Lessons Learned: Kurt Carlson as told by Valerie Vogt

Kurt Carlson mentor lunch

Kurt Carlson talks to students after the mentor lunch. Photo by Victoria Sprang

Kurt Carlson (B.A., 1985) joined the Department of Communication in early May to mentor students over lunch. He is currently the president and CEO of Propel Insurance and holds the insurance industry’s highest designation, CPCU (Chartered Property Casualty Underwriter). Carlson is also a member of the Young Presidents’ Organization.

Valerie Vogt, one of the students that attended the mentor lunch, describes Carlson having “so much enthusiasm and positive energy.” Vogt is an evening degree student double majoring in communication and social sciences and graduating in June. Although she is still trying to figure out what to do beyond graduation, she knows she will help run the family business that her brother left behind. Vogt’s brother a young entrepreneur, passed away last summer. He started an e-commerce business called Redefined Sports, and “I have the opportunity of continuing his legacy,” Vogt said. (Stay tuned for a website, hopefully debuting this summer.)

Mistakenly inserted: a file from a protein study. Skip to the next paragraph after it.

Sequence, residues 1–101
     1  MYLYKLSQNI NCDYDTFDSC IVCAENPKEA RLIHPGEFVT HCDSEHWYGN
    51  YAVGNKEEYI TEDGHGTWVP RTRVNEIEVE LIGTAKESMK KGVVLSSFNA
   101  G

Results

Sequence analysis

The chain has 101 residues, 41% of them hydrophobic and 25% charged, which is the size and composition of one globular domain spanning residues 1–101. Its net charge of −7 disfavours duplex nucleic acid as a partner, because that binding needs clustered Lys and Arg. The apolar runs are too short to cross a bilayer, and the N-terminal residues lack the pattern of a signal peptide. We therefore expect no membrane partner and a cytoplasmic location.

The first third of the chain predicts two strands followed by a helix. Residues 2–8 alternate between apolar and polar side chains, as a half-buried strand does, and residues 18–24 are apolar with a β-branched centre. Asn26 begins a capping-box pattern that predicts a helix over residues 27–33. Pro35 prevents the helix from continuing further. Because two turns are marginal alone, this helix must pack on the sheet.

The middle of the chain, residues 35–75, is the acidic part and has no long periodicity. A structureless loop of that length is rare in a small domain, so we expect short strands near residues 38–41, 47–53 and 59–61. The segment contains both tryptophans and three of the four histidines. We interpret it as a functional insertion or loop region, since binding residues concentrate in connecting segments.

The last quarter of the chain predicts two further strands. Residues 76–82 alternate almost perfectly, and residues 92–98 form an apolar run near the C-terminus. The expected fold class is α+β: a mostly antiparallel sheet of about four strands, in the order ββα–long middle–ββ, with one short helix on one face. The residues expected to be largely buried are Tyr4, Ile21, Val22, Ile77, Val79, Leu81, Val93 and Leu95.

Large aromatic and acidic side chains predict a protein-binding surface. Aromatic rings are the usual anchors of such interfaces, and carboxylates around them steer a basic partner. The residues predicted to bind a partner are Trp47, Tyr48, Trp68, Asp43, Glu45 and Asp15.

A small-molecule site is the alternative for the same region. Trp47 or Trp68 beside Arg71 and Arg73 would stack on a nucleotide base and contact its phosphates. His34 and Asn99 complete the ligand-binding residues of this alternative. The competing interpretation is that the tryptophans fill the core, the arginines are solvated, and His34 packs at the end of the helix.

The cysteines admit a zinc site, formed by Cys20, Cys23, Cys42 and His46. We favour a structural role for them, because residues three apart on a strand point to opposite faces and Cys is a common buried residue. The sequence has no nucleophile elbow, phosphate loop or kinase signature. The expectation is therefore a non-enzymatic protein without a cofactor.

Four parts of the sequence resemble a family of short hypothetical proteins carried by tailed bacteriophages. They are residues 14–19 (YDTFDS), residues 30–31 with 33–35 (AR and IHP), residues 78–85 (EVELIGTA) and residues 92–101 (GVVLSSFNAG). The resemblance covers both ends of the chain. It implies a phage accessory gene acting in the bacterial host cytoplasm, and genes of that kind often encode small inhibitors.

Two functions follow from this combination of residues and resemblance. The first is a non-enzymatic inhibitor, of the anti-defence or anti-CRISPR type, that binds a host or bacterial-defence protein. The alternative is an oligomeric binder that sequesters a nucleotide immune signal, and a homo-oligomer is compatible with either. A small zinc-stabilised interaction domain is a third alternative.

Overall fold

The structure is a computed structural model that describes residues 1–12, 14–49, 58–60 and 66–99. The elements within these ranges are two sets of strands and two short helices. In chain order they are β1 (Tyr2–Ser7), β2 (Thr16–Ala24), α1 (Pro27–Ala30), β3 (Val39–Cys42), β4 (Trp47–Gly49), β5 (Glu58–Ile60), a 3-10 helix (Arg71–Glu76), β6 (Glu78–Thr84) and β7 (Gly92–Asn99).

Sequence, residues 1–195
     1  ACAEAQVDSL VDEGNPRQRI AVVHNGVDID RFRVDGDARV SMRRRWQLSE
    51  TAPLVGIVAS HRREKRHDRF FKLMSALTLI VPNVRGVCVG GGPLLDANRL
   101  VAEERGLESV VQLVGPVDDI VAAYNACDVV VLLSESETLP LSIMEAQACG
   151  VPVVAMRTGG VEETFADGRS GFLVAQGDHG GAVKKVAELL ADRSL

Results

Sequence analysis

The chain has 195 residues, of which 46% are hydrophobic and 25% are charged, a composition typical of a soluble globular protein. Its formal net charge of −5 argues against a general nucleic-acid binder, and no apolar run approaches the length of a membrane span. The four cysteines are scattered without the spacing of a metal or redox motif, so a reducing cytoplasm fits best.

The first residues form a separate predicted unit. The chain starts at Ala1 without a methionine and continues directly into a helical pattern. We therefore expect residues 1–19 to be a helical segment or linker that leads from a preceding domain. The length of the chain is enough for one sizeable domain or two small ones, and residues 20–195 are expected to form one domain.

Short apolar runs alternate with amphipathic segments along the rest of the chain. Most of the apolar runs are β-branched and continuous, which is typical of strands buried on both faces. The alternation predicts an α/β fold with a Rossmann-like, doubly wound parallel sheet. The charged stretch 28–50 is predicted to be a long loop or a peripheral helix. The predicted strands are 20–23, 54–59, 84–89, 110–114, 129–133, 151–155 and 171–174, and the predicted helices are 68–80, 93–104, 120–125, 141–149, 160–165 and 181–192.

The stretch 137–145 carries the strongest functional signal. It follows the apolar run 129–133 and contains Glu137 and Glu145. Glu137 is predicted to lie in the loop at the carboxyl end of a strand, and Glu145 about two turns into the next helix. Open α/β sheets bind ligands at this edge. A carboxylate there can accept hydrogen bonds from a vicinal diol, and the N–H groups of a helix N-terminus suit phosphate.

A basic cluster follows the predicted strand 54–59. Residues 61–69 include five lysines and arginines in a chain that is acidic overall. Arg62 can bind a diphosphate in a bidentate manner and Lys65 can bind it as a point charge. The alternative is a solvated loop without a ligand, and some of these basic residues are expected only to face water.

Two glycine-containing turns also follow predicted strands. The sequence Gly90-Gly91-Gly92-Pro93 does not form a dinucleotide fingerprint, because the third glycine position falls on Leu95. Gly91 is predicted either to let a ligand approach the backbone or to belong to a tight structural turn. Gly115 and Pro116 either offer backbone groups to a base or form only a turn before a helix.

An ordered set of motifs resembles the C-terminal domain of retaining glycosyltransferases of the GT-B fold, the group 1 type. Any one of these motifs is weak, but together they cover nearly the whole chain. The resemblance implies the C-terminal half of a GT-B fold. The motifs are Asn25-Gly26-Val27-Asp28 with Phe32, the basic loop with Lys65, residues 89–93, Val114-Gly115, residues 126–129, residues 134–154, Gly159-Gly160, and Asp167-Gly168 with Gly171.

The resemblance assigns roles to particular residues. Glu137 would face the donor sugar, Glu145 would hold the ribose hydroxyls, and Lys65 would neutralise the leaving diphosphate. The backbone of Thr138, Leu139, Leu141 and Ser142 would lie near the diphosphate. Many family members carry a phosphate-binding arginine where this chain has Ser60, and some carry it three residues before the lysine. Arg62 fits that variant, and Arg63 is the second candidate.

Valerie Vogt

Valerie Vogt, photo by Erica Thompson


In addition, Vogt hopes to get her feet in the door doing full-time work at possibly Microsoft. Here’s a glimpse of what she took away from the meeting with Carlson:

  • You don’t stop learning after graduating from college. Kurt admitted that he had no idea what he wanted to do after graduating and it wasn’t until a conversation with a family friend that he realized he wanted to try working with insurances.
  • Surround yourself with people you can grow with and learn from. In life we go through different phases of friends. There are a lot of Eeyores out there (the sad donkey that is always kind of a Debbie Downer) that you have to watch out for.
  • Get experience interviewing. Just go out there and interview as much as you can until you get it down and have your own story. Make sure your story is consistent and don’t be afraid to ask the employer, “Why wouldn’t you hire me?”

Vogt said, “I like hearing people’s stories and Kurt also encouraged us to listen to people’s stories because you never know what you might learn.”

One thought on “Lessons Learned: Kurt Carlson as told by Valerie Vogt

Comments are closed.